The design of the Civic Spine
Each section of the Spine has unique features while simultaneously constituting an integral part of the whole. An opportunity for a private/public partnership is created, and the chance for the owners of buildings along the Spine to make individual contributions to the scheme.
The first phase of the development focuses on the rim, that is the President and Market Street edges. Environmental improvement includes the redesign of the street space, the upgrading of pavements and signage and the planting of approximately 200 trees to form 'colonnades' which define the boundaries of the Civic Spine.
The city has established that over time there will be increased traffic within the area. Both President and Market Streets will have to cope with this. Our brief was to design within the increased number of traffic lanes required. The sidewalks are widened, creating increased opportunities for socialisation and activity. Trees, and vegetation, are planted at close intervals on both sides of the streets, creating a new avenue through which vehicles move, and a filter which protects the pedestrian and the spaces from the harsh impact of the traffic.
An increased awareness of the boundaries, the extent and content of the precinct as well as its civic identity, is thereby achieved. Traffic and information signs have been reduced to the required minimum, clearing the forest of posts that previously existed. All this provides the perimeter, the cohesion and definition of the elements and spaces within the precinct which provide the Civic Spine with its identity as a zone civic activity.
The Civic Square
The historic ceremonial heart of the city is the space between the City Hall and the Rissik Street Post Office. This square is expressed as the 'City room'. It is paved and has a major water feature symbolizing the Witwatersrand watershed. Traffic in Rissik Street continues to move through the square, on either side of the fountain. Two obelisks which rise from the fountain, frame the City Hall and Post Office entrances. The elements in the square were carefully proportioned to achieve this and the geometry of the square was studied in depth to locate the fountain in the most appropriate place. The square's levels and the paving patterns have been adjusted to suit the natural slope of the ground in such a way as to focus on the most important historic building in the city - the Rissik Street Post Office, originally the seat of Government of the Transvaal. The result is that the Civic Square embodies the dignity and formality of a memorable urban place.
The Civic Spine water feature
The Cenotaph and Library Gardens
The major impact in this part of the Spine has been the structures which form the perimeter of this area. The old ramps with their walls and railings which screened the view of the pedestrian and motorist from the space except for the trees, have been replaced by urban scaled garden structures to support a variety of planting. Two types of structure were used to give different effects of shelter and screening- a pergola structure which will be clothed with evergreen, flowering creepers and walls scaled to suit the robust Library building to be covered with the seasonal green, red and filigree of virginia creeper.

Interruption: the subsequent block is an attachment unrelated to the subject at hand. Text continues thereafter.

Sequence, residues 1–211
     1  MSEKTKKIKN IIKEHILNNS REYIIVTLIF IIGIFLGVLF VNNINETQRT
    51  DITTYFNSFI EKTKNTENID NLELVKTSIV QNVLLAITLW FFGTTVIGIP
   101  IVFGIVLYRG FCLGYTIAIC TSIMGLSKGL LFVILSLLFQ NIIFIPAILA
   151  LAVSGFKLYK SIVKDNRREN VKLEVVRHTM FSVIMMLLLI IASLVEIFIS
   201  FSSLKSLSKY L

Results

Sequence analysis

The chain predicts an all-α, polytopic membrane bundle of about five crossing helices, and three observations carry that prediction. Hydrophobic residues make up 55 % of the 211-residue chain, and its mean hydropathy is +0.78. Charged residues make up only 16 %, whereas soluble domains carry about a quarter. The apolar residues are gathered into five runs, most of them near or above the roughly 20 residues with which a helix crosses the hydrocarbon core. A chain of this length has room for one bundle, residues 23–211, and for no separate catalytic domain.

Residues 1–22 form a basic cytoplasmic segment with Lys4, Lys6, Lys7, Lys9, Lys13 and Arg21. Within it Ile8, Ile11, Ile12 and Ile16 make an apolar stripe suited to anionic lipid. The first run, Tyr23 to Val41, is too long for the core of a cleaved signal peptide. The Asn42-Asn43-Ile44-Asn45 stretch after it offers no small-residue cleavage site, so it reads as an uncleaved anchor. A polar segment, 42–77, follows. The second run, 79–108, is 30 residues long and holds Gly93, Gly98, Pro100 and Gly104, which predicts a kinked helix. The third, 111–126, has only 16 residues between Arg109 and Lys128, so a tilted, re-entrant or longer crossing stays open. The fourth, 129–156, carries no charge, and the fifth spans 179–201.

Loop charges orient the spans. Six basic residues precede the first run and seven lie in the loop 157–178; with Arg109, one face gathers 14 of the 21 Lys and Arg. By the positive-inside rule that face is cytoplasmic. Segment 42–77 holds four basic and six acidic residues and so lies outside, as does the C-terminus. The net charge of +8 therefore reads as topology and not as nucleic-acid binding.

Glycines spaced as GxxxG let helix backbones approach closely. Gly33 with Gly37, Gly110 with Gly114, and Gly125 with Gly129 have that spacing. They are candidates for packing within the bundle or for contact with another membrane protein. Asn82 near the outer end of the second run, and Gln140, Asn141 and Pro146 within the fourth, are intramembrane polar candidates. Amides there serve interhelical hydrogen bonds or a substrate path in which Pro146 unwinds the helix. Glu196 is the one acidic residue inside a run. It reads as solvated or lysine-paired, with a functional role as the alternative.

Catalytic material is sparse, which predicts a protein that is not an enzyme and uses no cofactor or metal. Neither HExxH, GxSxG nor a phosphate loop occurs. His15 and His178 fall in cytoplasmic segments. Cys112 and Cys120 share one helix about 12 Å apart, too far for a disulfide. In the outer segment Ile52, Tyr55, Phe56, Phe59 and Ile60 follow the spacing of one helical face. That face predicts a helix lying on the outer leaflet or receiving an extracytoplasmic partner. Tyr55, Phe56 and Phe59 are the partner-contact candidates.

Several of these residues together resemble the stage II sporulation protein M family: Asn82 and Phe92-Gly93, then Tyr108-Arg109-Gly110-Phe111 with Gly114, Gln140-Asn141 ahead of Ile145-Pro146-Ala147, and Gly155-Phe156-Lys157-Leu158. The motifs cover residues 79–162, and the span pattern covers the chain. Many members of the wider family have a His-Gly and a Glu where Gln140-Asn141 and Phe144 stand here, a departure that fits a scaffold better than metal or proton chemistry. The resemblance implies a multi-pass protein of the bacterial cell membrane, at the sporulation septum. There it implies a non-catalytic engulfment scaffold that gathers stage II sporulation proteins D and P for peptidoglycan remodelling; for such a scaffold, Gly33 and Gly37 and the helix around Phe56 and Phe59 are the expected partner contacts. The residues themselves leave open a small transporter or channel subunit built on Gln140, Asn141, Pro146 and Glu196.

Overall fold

The Cenotaph is designed as a quiet green space where people may sit and contemplate. The pergola structures on either side provide the Cenotaph with a setting which has an appropriate scale. The central lawn and the wedge shaped paving provide for the natural diagonal movement of pedestrians and have a quiet centre appropriate to the reverence required for the Cenotaph. The flower seller and the charity book stall provide appropriate life and colour.
The Library Gardens space has been internalised for pedestrians and designed in such a way as to deflect pedestrian traffic into the area. It was decided to introduce a variety of uses to this space, in the form of small shops, stalls and eating places. Elements of these buildings reflect the architecture of the surrounding civic buildings in a modern idiom. These structures are accommodated on the other edges of the Library Gardens. As this space is subject to heavy traffic noise, high 'city walls' form the outer, or street facing blank facades of the shops, stalls and restaurants. In fact, the walls only run for one third of the space between the City Hall and the Library. The buildings also accommodate vehicular ramps to the underground parking garage, stairs, mechanical services and public toilets. The upper storey affords views over the gardens and surrounding area. The space in front of the Library is designed as an active people's place with restaurants, kiosks, water features, places to meet, to sit, to talk and enjoy the sunshine in the city.
Small shops and stall were introduced as part of the project
The Civic Spine project has strengthened the legibility of the precinct, enhancing the experience of those who move through it. The outer rim of trees has unified the discrete elements and spaces as a system of significant civic spaces. The spaces themselves have become more positively defined through the use of strong foci together with defined edges. Roads and pavements which were previously merely able to transport people, have become layered with opportunities for shelter and human interaction. Relationships between the inside and outside of spaces have been more defined. The character of the area is enhanced through the overlap of culture, meaning and idiosyncrasy in the expression of the architecture and the use to which it will be put while at the same time the treatment remains 'classical'.
The cost of the project and the legacy for the future
The entire cost of the project, President and Market Streets, the Civic Square and Cenotaph and Library Gardens which was given at R10,5 million, included all costs and fees. A very large proportion, some 45 percent of this cost, was used to upgrade and repair gas, water, sewer and stormwater services within the area. In addition the budget covered replacing the paving all of which would have been necessary within a few years according to reports of the Council. The remaining amount which was in fact spent on the Civic Spine is hardly significant in terms of the city's budget.